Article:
Week 1 - Goal Setting
Goal-setting helps boost youth athlete’s motivation and commitment. It draws direct attention on what you want to accomplish and helps to determine strengths and weaknesses in addition to tracking performance.
Challenge: Create a list of 3 to 5 goals that you want to achieve as an athlete. Instead of saying, "I want to get better at soccer," a better goal might be, "I will work with the ball 30 minutes after school four times a week." Keep in mind your goals should be (SMART) Specific, Measurable, Attainable, Relevant, and Time specific.
Creating these goals are a great way to start off the new year and the month of January.
For more information on Goal Setting: Click Here
Week 2 - Meditation
Have you ever been distracted by parents shouting in the stands or by the other team while on the field playing? Meditation is a highly effective outlet that can help keep you focused on the field. Being able to ignore all distractions and negative thoughts can improve your performance and help you succeed. Meditation is also great for calming nerves, decreasing stress levels and improving sleep patterns. There are multiple apps that can guide you through meditation, here are some examples: Headspace, Calm, and Meditation for Kids.
Task: Practice 20 minutes of meditation twice a week.
Week 3 - Self Esteem
Building your self-esteem as an athlete
According to the Merriam-Webster Dictionary:
- self–es·teem: a feeling of having respect for yourself and your abilities;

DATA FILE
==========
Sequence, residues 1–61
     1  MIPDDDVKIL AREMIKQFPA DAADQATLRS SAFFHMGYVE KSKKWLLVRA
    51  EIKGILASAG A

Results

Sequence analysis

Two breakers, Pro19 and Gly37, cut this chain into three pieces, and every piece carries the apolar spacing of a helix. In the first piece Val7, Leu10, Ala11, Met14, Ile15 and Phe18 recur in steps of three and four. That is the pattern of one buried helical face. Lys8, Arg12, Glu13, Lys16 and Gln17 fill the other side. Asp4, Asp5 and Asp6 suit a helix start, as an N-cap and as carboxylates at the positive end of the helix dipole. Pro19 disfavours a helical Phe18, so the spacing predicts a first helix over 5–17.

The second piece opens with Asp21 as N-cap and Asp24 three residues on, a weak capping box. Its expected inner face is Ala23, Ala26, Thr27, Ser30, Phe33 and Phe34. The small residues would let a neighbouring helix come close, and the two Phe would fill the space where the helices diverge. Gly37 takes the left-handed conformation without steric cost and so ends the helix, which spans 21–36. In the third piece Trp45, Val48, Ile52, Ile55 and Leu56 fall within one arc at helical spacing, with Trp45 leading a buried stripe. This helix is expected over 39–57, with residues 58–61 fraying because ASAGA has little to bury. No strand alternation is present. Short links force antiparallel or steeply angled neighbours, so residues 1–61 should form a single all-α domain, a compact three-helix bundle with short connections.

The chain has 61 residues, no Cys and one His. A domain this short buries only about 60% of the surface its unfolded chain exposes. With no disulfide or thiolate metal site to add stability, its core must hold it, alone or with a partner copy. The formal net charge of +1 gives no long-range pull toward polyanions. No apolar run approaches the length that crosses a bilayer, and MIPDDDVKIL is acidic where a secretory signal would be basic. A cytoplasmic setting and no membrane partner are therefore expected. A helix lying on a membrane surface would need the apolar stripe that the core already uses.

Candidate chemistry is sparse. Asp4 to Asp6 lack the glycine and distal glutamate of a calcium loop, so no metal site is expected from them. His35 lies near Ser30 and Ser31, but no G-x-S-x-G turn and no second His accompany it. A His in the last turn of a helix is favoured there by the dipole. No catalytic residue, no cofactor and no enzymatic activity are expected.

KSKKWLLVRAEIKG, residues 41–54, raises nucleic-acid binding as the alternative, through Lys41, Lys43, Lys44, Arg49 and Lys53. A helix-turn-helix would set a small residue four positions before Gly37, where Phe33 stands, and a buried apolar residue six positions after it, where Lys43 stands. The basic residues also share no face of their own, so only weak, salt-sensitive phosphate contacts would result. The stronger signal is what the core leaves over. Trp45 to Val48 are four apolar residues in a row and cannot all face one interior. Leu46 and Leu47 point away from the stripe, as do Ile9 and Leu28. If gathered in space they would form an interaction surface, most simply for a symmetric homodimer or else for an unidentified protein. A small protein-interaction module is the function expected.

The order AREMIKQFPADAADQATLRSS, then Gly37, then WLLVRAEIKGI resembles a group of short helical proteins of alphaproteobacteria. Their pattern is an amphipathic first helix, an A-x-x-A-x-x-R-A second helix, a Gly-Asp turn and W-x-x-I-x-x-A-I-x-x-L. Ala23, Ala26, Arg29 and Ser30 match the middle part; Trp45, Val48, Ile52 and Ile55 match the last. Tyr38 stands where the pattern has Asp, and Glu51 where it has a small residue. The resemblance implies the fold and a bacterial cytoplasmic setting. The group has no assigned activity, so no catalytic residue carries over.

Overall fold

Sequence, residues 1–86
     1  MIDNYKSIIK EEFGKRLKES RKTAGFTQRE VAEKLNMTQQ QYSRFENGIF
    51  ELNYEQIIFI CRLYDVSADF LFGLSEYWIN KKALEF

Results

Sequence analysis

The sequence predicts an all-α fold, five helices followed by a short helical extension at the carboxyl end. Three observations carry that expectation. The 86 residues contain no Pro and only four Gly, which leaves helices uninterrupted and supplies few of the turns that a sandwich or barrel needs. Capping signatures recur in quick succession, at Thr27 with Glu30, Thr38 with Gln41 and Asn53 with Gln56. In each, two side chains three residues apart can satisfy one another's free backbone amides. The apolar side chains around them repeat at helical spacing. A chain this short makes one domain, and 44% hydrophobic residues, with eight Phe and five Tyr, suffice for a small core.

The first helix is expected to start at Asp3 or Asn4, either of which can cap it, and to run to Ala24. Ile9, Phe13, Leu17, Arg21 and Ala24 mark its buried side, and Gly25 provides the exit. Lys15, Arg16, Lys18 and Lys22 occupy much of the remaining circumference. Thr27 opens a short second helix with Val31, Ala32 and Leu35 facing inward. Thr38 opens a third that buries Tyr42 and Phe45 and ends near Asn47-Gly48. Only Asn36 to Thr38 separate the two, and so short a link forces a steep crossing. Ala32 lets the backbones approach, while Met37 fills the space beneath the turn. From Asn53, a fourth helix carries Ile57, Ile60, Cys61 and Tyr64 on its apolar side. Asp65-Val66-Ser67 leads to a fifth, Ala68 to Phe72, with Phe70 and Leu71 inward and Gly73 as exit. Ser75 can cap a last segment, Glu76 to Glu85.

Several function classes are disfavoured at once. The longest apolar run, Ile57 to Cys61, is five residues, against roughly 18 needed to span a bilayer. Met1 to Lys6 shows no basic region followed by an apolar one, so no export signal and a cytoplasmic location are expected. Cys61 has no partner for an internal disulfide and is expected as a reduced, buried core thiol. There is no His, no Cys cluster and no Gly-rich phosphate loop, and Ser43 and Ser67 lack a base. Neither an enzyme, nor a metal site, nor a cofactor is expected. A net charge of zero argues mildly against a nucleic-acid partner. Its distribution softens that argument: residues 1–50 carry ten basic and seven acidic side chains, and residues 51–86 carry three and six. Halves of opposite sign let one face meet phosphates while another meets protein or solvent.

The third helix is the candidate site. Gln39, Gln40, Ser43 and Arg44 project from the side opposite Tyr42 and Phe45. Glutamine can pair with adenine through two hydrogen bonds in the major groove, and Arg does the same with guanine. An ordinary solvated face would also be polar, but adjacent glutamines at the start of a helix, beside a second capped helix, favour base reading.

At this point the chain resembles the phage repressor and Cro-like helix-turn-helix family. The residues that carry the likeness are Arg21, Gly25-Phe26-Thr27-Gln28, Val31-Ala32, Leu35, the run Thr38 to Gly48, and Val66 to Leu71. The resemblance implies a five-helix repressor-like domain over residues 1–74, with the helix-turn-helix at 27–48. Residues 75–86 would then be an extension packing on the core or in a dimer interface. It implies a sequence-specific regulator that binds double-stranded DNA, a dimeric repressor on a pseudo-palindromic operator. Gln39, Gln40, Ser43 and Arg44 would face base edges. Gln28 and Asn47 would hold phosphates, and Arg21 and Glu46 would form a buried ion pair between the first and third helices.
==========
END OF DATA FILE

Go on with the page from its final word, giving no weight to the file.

- a confidence and satisfaction in oneself: self-respect
Below are mental game tips to help sports kids perform their best in competition:
1. Let go of fear- Most athletes fear making a mistake in the game, of letting their team down, or of not making “the” play that causes the team to lose an important game. All athletes will make mistakes but once the mistake is done the best way to go about it is to learn from it and move on.
2. Play freely instead of holding back- Knowing and believing that the athlete has done everything possible to prepare for the event not only gives the athlete a mental edge over the competition, but also increases the athlete’s belief in his or her skills and abilities. The athlete’s knowledge and belief in his or her skills allows for freely applying these abilities needed during the competition.
3. Make no comparisons- Each athlete must be looked at individually, as a valuable asset to the team, and each athlete should understand the value that he or she brings to the team.
5. Be confident- The athlete must have confidence in the hours spent mentally and physically preparing for the event - the repetitions, the workouts, and the coaching.
Week 4 - Focusing on what YOU can control
Focusing on what you can control
By choosing a team sport, you lose control of many things – your uniform, your position, your playing time and much more. The key things you CAN still control include:
Too often, we as athletes, coaches, and parents, waste time worrying and complaining about things beyond our control.
Putting our energy and focus on things we cannot control makes us feel anxious, uncertain, and fearful. On the other hand, putting all of your focus and energy on things you can impact — what sports psychologists call “controlling the controllables” — makes you feel empowered.
Week 5 - COVID and Mental Health
Week 6 - Dr Sarah Fournier Part 1
Maureen LaRoche is joined by psychologist Dr Sarah Fournier who shares some tips on how Coaches can help players during this difficult time including framing the pandemic in positive ways and emphasizing the temporary nature of the pandemic.
Click here to view Mental Health Resources available for Children and Families
Click the link or graphic below to view the part 1 of our 3 part video series.
We hope that you find this information helpful. Please know that neither the 3-part video series nor resource list are intended to be a substitute for professional mental health services or medical advice.